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Chapter 9 Landscape Design

Chapter 9 Landscape Design

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Chapter 9 Landscape Design

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  1. Chapter 9Landscape Design

  2. Three major influences that have shaped American attitudes toward landscaping: • Formal tradition of 16th and 17th century Europe. • Naturalism of the 18th century England. • Nature symbolism of the orient.

  3. Naturalism gardens tore out the formal, symmetrical gardens with zeal and replaced them with lakes and islands, rolling hills, pastoral lawns, grazing animals, and added such picturesque touches as manufactured “ruins,” dead trees, hermits’ cottages, and vistas toward distant templates.

  4. Landscape Design is the arrangement of outdoor space in a way that serves the needs and desires of people without damage to natural ecological relationships. • To serve the needs and desires of clients, the landscape designer must take an inventory of their characteristics and their attitudes toward the landscape sight.

  5. Dimension of the lot Topography Geology Hydrography Existing vegetation Existing buildings Location of utility lines and pipes above and below ground Soil analysis Historic importance Directional orientation Established circulation patterns Proximity to roads, public transportation, or waterways Views from site Views toward site Problem areas Prevailing wind direction and velocity Site Analysis and what it may include:

  6. Topography- the term used to describe the elevationvariations. • Geology- the term used to describe rock formations, including the bedrock base. • Hydrography- the term used to describe the surface and underground water.

  7. A complicated terrain to be landscaped may require the services of an engineering firm to produce a detailed survey. • Many designers use a checklist to summarize the characteristics of each site. • The average home is divided into four areas, each having a different function. • The public area is where guests are received. It includes the front door and the entrance hall.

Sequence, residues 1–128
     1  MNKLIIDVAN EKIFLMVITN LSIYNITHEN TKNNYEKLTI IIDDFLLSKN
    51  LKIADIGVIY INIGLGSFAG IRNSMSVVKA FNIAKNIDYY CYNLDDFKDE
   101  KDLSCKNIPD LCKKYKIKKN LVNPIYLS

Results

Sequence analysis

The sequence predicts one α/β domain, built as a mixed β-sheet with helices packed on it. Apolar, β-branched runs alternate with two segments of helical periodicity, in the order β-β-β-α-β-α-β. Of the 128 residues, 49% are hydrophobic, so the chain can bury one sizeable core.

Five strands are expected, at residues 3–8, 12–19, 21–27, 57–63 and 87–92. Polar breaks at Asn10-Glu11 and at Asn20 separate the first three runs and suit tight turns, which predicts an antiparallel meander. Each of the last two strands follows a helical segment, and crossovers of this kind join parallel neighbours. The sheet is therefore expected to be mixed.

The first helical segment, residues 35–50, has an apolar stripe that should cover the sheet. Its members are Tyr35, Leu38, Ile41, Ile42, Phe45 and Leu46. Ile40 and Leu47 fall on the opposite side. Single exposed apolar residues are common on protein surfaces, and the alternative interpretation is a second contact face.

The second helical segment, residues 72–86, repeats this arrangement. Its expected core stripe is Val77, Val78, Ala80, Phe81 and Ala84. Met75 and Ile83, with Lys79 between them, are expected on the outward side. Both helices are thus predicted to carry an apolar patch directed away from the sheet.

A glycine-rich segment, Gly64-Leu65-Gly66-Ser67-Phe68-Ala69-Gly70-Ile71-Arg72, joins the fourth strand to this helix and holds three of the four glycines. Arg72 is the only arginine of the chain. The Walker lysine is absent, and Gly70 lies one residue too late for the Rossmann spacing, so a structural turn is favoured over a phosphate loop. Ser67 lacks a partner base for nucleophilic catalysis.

8. The general living area is where most of the daily family interaction occurs and where friends are entertained. • The service area is where the utilization functions of the family are carried out. • The private living area is used for personal aspects of family life.

  9. As with the home, the residential landscape has three or four different areas to accommodate different uses. They include: • The public area- between the house and street. It is the area everyone crosses to approach the house. The public area serves two functions: to direct traffic to the entrance of the home and to place the house in an attractive setting when viewed from the street. • The family living area- usually located at the rear of the house and often to the sides as well. It is the area where games are played, where the patio and pool may be found, where friends are entertained and barbecues held, and where the family members relax.

  10. The private living area- is not found in all landscapes. Where it does occur, it is the site for activities such as a quiet conversation, sun bathing, and hot tubs. It is usually limited to the use of the family members. • The service area- contains the trash and garbage cans, utility sheds for storage of garden tools, compost piles, vegetable gardens, clothes lines, and similar items. It is always screened from the view.

  11. Improper design decisions can often be avoided by application of the outdoor room concept. • Simplicity in the design usually dictates that separate elements be given less emphasis than massed elements, fussy bedlines be replaced with gentle curves or straight lines, and maintenance-free materials be used • By massing plant species into groups, attention is not derived to each individual plant.

  12. Rhythm and line bring a feeling of continuity to the landscape. • Balance is a visual quality of the landscapers design. In theory, it puts the landscape on a seesaw and requires that each side have the same visual weight. • The three types of balance are: symmetrical, asymmetrical, and proximal/distal.

  13. Symmetrical is when one side of the landscape is an exact duplicate of the other • Asymmetrical is when one side of the landscape has the same visual mass as the other but doesn’t duplicate it. • Proximal/distal is when the on-site landscape is developed to counterbalance the off-site landscape.

  14. Each major use area of landscape should have one focal point. • Focalization is the term used to describe when plants are arranged in an asymmetrical manner to move the viewers eye toward the entrance, the focal point. • With proportion each element of the landscape must be the proper size relationship with all other elements. • In proportion, the designer must envision a mature landscape with comfortable, non-threatening size relationships between • Plants and buildings • Plants and other plants • Plants and people